Who Created the Internet?

Why and When Was the Internet Built?

What did we used to do without it? How did we get directions, make bank transfers, or shop for Christmas gifts before the Internet?

Al Gore has been the butt of jokes for his comments on the creation of the Internet. For the record, Gore said he was instrumental in the creation of the Internet. And indeed, Al Gore provided early support for the use of the Internet among civilians.

So, who actually created the Internet? Here’s the condensed version of the story of the Internet’s creation.

The Internet is Born

The network of computers that we call the Internet was first put to use forty-two years ago. In 1969, the United States Defense Department networked a series of computers far apart in distance to aid computer research. This network was called ARPANET. It was the creation of a company called Bolt Beranek & Newman.

Who Invented The Internet

ARPANET was based on concepts first suggested by scientists J.C.R. Licklider and Leonard Kleinrock at MIT.

ARPANET was nothing like the Internet as you know it. No LOLcats, no Facebook, no graphical interface, and limited in size. ARPA comes from Advanced Research Programs Agency, the group that Robert Kahn and Vinton Cerf (heads of the ARPANET project) were working for at the time of the invention. These two spent years (mostly in the 1970s) developing the transmission system ARPANET used to transfer data between different networks of computers during a time when there were a lot more incompatible operating systems being used by computer networks. Must have been a rough job.

The TCP/IP Breakthrough

The breakthrough that allowed ARPANET to one day become the Internet was the invention of TCP/IP as a transmission system for data over networked computers. It was the invention of Robert Kahn and Vinton Cerf.

TCP/IP stands for for Transmission Control Protocol and Internet Protocol, and it’s the same standard being used today.

Even after the invention of TCP/IP, the Internet was still just a tiny network of university and research computers. This system allowed them to share and transfer information across the country faster than by mail or other means. So is this the point when the Internet was born? Not quite.

When you think of the Internet, you think of some combination of your email and the World Wide Web. This combination of personal email and things like Google and online commerce could be called “the Internet”, and we’re still about twenty years out from this.

Electronic Mail

Now known as “email”, electronic mail was developed in the 1970s as a new way of sending simple text file messages between computers on the same network. At the beginning, you could only send emails to other computers on a single network–this was eventually changed to include the ability to send messages between two different networks.

How did it happen? A series of “gateways” were created among the various networks to allow people to send simple text files as email messages between computer networks. It took nearly twenty years for email as we know it to develop–it wasn’t until the early 1990s that all email took place on the Internet, and it wasn’t until then that the “@” symbol was used as an email standard. The guy who invented the “@” symbol and the first huge email program is named Ray Tomlinson, who is also an employee of BB&N, the company which developed ARPANET.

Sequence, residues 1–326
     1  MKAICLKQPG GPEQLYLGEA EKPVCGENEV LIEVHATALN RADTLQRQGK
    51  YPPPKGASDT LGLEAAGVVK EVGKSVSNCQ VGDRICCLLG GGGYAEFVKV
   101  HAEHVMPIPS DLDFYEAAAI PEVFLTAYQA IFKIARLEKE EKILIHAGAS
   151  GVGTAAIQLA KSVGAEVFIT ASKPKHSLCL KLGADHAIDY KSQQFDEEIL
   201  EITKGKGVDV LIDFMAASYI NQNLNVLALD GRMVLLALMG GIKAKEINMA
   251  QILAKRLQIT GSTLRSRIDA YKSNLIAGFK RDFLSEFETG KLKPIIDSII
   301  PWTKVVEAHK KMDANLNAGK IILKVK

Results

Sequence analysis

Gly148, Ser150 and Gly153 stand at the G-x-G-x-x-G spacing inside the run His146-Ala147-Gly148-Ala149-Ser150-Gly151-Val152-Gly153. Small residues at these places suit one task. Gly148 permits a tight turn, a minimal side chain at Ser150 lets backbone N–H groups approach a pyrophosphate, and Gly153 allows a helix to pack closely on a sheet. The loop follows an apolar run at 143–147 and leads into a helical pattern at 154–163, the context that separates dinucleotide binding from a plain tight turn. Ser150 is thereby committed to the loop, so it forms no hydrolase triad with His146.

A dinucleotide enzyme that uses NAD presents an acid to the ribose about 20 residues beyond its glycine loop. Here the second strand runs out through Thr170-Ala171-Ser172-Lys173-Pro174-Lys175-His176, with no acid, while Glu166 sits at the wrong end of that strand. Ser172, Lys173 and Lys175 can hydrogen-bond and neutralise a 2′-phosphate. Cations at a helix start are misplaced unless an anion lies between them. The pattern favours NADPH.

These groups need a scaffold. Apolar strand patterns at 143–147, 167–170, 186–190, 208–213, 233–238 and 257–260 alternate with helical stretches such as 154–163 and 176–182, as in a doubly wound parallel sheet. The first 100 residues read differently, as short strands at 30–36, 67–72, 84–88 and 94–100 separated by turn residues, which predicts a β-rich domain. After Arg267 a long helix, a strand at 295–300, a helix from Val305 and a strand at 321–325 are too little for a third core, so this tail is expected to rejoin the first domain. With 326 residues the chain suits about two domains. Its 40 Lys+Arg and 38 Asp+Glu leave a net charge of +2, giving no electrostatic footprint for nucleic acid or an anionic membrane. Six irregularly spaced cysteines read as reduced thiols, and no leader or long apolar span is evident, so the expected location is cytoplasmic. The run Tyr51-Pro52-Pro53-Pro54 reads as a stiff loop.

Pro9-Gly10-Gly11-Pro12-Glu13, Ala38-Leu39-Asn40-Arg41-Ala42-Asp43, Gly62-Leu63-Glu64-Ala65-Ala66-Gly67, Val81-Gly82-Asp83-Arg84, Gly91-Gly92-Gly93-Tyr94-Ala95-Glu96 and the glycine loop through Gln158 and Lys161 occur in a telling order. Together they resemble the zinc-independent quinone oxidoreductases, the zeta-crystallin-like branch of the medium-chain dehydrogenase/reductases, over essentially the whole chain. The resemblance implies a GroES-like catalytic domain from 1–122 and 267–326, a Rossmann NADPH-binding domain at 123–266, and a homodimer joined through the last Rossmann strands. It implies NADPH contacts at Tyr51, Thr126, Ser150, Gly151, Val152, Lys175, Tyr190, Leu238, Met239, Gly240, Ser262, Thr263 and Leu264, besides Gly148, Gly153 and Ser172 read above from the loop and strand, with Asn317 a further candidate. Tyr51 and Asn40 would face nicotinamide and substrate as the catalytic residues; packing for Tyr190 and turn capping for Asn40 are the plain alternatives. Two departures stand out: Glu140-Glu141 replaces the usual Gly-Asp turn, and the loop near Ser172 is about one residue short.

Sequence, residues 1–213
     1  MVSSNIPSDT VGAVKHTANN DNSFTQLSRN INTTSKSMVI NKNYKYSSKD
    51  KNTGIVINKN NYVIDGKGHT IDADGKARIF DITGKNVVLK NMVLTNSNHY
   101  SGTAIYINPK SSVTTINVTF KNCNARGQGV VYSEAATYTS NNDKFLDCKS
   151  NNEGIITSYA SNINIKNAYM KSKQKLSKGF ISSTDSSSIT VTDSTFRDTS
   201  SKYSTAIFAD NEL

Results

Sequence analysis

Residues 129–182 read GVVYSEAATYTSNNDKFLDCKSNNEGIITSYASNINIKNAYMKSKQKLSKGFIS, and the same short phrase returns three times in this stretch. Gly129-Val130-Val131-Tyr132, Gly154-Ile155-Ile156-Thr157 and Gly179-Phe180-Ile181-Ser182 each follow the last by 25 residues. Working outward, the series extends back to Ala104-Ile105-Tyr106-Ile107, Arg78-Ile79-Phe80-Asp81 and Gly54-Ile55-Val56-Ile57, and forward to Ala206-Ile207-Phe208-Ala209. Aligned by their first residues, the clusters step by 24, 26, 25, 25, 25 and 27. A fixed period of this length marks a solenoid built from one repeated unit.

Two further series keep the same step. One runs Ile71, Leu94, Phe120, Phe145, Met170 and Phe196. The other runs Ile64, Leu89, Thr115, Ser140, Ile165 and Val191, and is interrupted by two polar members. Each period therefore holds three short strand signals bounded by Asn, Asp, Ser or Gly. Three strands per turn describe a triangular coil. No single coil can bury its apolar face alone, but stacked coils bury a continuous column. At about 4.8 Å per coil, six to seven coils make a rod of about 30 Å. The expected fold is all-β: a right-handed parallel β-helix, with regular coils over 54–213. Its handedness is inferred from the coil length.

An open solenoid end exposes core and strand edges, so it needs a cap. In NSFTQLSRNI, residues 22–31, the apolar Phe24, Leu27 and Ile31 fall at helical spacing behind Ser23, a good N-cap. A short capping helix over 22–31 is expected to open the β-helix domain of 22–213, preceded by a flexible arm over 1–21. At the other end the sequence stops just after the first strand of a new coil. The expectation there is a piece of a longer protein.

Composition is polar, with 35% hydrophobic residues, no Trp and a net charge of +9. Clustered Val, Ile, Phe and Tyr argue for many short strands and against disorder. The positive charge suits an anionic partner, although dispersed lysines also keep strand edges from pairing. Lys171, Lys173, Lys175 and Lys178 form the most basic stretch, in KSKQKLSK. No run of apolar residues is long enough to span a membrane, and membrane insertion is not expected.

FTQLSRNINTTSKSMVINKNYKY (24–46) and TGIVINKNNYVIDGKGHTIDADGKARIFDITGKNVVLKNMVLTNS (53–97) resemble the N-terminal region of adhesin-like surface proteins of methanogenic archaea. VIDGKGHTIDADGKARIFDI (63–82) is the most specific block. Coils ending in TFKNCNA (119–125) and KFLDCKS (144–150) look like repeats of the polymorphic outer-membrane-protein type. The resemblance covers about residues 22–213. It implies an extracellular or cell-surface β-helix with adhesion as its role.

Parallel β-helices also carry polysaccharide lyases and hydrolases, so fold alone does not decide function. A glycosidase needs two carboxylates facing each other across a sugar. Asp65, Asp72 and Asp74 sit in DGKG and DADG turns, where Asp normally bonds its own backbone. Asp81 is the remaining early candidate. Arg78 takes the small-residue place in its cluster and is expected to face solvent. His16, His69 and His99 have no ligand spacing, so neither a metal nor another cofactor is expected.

The Internet Explosion

The 1980s and early 1990s saw an explosion in the use of personal computers in the home. The computer was no longer a gigantic box that required a full-time staff of engineers to run. As soon as personal computers were available, private networks popped up. With names like Delphi, CompuServe, Prodigy, and Genie, these private networks offered a rudimentary version of the Internet. But these were still individual companies–nothing like the vast network of computers now connected to the Internet.

At this time, most Internet use was still at the college and research level. That’s where Al Gore comes in.

Al Gore Invents the Internet

What Gore did was to sponsor legislation that helped expand the baby Internet to more uses than just research or small network communications. Al Gore is on the record as sponsoring Internet-friendly bills as far back as 1986. At the time, Al Gore spoke of the need for “widespread” computing connected by networks.  Mr. Gore even proposed legislation to expand the personal and home use of the Internet.

But that’s where his involvement stops. So no, Al Gore did not “invent” the Internet. Vinton Cerf, one of the many people who can actually make that claim, has this to say about Gore’s involvement: “I think the vice president is very deserving of credit for his active support for the Internet.”

So he’s got that going for him.

So Who Invented the Internet?

The simple answer to this question is: Tim Berners-Lee.

Berners-Lee was a computer programmer at the European Center for Particle Research. Berners-Lee is credited with inventing “links”. His idea of links was to create a system that would contain the  information about the location of a file with just a piece of text, so that just by clicking a link that user could access that file.

Berners-Lee called this link system the World Wide Web, or WWW. He also invented the “http://” format and invented HTML, the first programming language for the Internet. Berners-Lee finalized this system in 1991.

The next time someone disses Al Gore for saying he invented the Internet, drop some knowledge on them. Many people contributed to the invention of what we call the Internet, and he was a big part of the expansion of the Internet.

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